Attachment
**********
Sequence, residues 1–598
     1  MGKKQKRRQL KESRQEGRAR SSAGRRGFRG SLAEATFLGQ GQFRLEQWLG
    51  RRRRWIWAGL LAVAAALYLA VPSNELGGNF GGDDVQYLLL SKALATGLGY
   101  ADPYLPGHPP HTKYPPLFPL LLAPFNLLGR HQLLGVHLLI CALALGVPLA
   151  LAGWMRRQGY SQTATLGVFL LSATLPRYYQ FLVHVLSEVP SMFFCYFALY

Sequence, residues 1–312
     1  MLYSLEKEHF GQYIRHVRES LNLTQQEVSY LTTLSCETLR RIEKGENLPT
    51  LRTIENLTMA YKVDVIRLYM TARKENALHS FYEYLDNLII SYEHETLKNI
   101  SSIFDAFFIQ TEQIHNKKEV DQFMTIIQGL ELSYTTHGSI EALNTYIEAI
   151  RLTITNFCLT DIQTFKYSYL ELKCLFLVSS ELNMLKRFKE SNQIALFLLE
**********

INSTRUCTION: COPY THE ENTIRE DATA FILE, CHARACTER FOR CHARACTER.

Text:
Sequence, residues 1–598
     1  MGKKQKRRQL KESRQEGRAR SSAGRRGFRG SLAEATFLGQ GQFRLEQWLG
    51  RRRRWIWAGL LAVAAALYLA VPSNELGGNF GGDDVQYLLL SKALATGLGY
   101  ADPYLPGHPP HTKYPPLFPL LLAPFNLLGR HQLLGVHLLI CALALGVPLA
   151  LAGWMRRQGY SQTATLGVFL LSATLPRYYQ FLVHVLSEVP SMFFCYFALY

Sequence, residues 1–312
     1  MLYSLEKEHF GQYIRHVRES LNLTQQEVSY LTTLSCETLR RIEKGENLPT
    51  LRTIENLTMA YKVDVIRLYM TARKENALHS FYEYLDNLII SYEHETLKNI
   101  SSIFDAFFIQ TEQIHNKKEV DQFMTIIQGL ELSYTTHGSI EALNTYIEAI
   151  RLTITNFCLT DIQTFKYSYL ELKCLFLVSS ELNMLKRFKE SNQIALFLLE